It’s that time of year. The time when top 10 and “best of” lists are promulgated by every reviewer, blogger, commentator or editor on the planet. Culled from reviews, circulation records, listener raves, and MHO, I offer all you Audio Book fans out there yet another list.
TOP AUDIOBOOK FICTION TITLES
A Visit from The Goon Squad by Jennifer Egan. Read by Roxana Ortega.
print version of this novel about power, friendship, rebellion, and
aging has made every top ten list around. The audio is as highly rated.
Roxana Ortega has just the right balance of youth and maturity in her
Matterhorn by Karl Marlantes. Read by Bronson Pinchot.
Thirty years in the making, (the novel, not the audio) Marlantes’s epic tale is a
dense, vivid narrative spanning many months in the lives of American
troops in Vietnam as they trudge across enemy lines, encountering danger
from opposing forces as well as on their home turf.
The Girl with the Dragon Tattoo by Stieg Larsson. Read by Simon Vance.
Blockbuster thriller from Sweden. Everyone is reading and listening to this trilogy. Give it a try.
61 Hours by Lee Child. Read by Dick Hill.
Reacher is back in another high-octane thriller (the 14th in the
series) from Lee Child. Some critics believe Child’s work is best
experienced through Dick Hill’s stellar narration. Sounds to me like
code for “the listen is better than the read.”
One Day by David Nicholls. Read by Anna Bentinck.
isn’t on any list I’ve come across except my own. Theme: Love story.
Location: London. Time: July 15, mid-80s through the present. Bentinck’s
narration will have you laughing and crying. Thoroughly enjoyable.
So Cold the River by Michael Kortya. Read by Robert Petkoff.
Edgar Award nominee Koryta’s captivating work of supernatural horror is masterfully read by actor Robert Petkoff who renders the characters with “veridical insight.” – from Library Journal.
Room by Emma Donoghue. Read by Michal Friedman, Ellen Archer, Suzanne Toren & Robert Petkoff.
This is a bit of a sleeper hit. The story of a kidnapped young woman and her 7 year old son living in a converted shed in her kidnapper’s backyard. “The chemistry between the players creates a gem of an audiobook that will haunt listeners long after the story’s end,” from Publisher’s Weekly.
Will Grayson, Will Grayson by David Levithan and John Green. Read by MacLeod Andrews and Nick Podehl.
This is a Young Adult novel. Please, if you don’t care for YA literature do not listen to this. The eponymous high school characters are trying to grow up in Evanston and Naperville. An hilariously wrenching and satisfying listen from these two respected YA authors.
Mockingjay by Suzanne Collins. Read by Carolyn McCormick.
Another YA title. Part three in The Hunger Games trilogy. Intense suspense. Fabulous.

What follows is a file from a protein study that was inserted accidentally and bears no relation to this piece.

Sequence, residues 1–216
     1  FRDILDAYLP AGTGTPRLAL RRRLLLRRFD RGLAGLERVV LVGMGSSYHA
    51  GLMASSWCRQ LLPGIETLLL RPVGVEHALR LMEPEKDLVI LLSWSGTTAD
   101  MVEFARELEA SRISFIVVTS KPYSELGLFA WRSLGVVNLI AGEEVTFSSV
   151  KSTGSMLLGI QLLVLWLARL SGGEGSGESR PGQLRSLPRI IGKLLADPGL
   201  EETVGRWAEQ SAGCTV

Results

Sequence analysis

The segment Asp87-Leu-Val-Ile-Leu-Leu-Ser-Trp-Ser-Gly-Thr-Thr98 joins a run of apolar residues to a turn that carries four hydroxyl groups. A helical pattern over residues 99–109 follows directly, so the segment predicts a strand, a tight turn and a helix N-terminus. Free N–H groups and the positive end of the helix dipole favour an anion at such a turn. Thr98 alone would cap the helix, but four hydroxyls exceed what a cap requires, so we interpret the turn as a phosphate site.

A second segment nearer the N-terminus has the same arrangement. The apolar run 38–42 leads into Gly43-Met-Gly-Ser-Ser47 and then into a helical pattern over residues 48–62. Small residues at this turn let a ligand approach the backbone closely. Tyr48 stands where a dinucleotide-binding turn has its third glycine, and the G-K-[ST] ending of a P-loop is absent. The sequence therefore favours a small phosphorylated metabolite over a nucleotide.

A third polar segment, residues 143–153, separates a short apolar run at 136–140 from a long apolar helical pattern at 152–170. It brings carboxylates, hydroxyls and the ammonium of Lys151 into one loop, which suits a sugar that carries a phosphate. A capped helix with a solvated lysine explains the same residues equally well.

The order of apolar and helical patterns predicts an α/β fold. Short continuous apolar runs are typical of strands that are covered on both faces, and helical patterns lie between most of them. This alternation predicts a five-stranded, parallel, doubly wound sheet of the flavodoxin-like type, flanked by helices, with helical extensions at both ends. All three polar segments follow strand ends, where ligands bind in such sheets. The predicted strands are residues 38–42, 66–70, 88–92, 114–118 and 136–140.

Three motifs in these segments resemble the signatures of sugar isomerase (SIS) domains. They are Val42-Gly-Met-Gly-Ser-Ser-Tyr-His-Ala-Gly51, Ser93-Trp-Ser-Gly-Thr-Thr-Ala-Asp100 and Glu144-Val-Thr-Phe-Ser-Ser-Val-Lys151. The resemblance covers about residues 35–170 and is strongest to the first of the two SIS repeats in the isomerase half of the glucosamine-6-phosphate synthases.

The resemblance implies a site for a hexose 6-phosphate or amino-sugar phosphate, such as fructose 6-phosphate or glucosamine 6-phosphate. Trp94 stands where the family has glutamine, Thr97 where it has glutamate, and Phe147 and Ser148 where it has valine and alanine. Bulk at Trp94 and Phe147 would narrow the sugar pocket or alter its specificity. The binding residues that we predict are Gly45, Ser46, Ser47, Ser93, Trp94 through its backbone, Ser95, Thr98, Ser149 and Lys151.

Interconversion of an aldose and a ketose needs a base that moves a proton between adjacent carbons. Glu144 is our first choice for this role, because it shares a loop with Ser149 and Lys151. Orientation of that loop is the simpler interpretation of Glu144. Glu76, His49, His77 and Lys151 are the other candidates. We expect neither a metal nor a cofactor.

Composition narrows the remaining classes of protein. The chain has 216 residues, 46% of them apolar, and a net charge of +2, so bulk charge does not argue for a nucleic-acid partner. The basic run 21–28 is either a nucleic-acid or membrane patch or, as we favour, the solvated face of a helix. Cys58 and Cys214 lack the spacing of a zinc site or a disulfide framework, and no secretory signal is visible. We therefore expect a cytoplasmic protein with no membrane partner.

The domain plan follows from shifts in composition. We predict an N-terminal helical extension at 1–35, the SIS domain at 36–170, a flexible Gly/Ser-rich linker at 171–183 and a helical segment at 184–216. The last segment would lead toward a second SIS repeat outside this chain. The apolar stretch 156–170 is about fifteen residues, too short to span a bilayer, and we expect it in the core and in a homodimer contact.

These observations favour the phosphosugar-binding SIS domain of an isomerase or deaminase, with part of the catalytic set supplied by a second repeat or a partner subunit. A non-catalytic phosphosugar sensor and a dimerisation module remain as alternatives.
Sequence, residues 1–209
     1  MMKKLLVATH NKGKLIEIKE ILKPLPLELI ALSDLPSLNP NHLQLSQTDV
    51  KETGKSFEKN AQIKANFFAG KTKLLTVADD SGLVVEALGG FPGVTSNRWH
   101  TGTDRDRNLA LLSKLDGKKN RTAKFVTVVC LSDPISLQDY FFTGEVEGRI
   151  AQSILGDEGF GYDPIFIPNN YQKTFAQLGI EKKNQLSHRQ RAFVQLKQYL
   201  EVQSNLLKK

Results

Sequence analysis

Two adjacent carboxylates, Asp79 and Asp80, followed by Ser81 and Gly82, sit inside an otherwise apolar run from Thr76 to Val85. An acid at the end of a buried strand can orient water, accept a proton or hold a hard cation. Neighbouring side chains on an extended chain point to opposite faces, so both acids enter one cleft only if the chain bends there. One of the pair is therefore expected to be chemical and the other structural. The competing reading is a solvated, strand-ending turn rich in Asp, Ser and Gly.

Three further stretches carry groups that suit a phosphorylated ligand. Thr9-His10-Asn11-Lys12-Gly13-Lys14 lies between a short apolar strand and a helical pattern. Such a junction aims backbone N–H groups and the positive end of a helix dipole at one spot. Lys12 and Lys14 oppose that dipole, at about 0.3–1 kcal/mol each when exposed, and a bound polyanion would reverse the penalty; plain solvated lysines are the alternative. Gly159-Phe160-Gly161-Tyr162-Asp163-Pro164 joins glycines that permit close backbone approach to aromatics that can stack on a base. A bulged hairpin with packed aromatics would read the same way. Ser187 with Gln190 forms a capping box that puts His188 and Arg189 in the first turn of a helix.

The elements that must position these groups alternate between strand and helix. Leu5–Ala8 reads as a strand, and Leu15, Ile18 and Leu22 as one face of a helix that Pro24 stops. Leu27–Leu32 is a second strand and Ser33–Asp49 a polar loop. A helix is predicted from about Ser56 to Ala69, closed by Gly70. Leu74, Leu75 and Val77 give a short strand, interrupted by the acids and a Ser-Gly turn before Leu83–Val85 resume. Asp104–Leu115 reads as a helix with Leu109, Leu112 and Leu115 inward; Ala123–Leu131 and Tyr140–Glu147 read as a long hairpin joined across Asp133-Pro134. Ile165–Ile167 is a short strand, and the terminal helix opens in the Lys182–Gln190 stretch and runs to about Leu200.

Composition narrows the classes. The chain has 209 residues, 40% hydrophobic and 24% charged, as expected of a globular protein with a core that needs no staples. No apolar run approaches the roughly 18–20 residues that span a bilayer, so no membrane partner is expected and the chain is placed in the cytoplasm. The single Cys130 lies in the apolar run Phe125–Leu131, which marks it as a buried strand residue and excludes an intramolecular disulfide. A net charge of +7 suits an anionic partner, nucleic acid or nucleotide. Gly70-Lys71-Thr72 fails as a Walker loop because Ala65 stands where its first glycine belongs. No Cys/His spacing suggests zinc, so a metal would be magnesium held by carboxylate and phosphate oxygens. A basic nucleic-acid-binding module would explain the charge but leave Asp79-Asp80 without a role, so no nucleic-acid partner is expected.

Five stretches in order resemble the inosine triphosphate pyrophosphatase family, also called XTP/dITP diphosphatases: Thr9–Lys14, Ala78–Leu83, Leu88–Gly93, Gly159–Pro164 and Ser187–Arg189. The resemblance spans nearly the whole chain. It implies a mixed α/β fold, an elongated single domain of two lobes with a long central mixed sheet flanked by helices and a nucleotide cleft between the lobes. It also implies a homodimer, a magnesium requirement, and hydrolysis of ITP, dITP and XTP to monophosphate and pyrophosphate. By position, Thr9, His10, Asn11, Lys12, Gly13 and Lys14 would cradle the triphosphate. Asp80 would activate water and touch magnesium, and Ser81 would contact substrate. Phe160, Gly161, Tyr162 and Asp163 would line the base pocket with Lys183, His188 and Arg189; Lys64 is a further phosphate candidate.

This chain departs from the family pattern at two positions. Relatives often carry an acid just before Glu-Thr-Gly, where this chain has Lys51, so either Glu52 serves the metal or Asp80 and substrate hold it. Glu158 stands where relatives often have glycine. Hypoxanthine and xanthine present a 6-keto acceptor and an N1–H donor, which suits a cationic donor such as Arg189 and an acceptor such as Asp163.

The Passage by Justin Cronin. Read by Scott Brick.
It was a toss up whether to end the list with Freedom by Franzen, but Freedom’s had plenty of attention so I opted for Scott Brick’s masterful rendering (on 29 CDs!) of Cronin’s engrossingly horrific account of a post-apocalyptic America overrun by
the gruesome reality behind wish-fulfillment fantasies. So there.
TOP AUDIOBOOK NONFICTION TITLES
Life by Keith Richards. Read by Joe Hurley, Johnny Depp, Keith Richards.
Keith Richards and Johnny Depp? What more needs to be said?
The Immortal Life of Henrietta Lacks by Rebecca Skloot. Read by Cassandra Campbell with Bahni Turpin.
Documents the story of how scientists took cells from an unsuspecting
descendant of freed slaves and created a human cell line that has been
kept alive indefinitely, enabling discoveries in such areas as cancer
research, in vitro fertilization, and gene mapping.
This book is Overdue! by Marilyn Johnson. Read by Hillary Huber.
Of course this would make my list, but it is on others as well. A fascinating romp about how librarians are going to save the world. Really, it’s interesting, a little scary and perhaps prescient.
Colonel Roosevelt by Edmund Morris. Read by Mark Deakins.
The conclusion of Morris’s trilogy on Theodore Roosevelt. According to AudioFile magazine, “Deakins’s narration supports Morris’s empathetic biography of this most straightforward yet enigmatic of men.”
At Home by Bill Bryson. Read by the author.
The author takes readers on a tour of
his house, a rural English parsonage, showing how each room has figured
in the evolution of private life. If you aren’t familiar with this author’s work, I’d recommend starting with A Walk in the Woods. Fans will enjoy At Home, not because it’s Bryson’s best work to date, but because it’s Bryson and it’s clever and fun.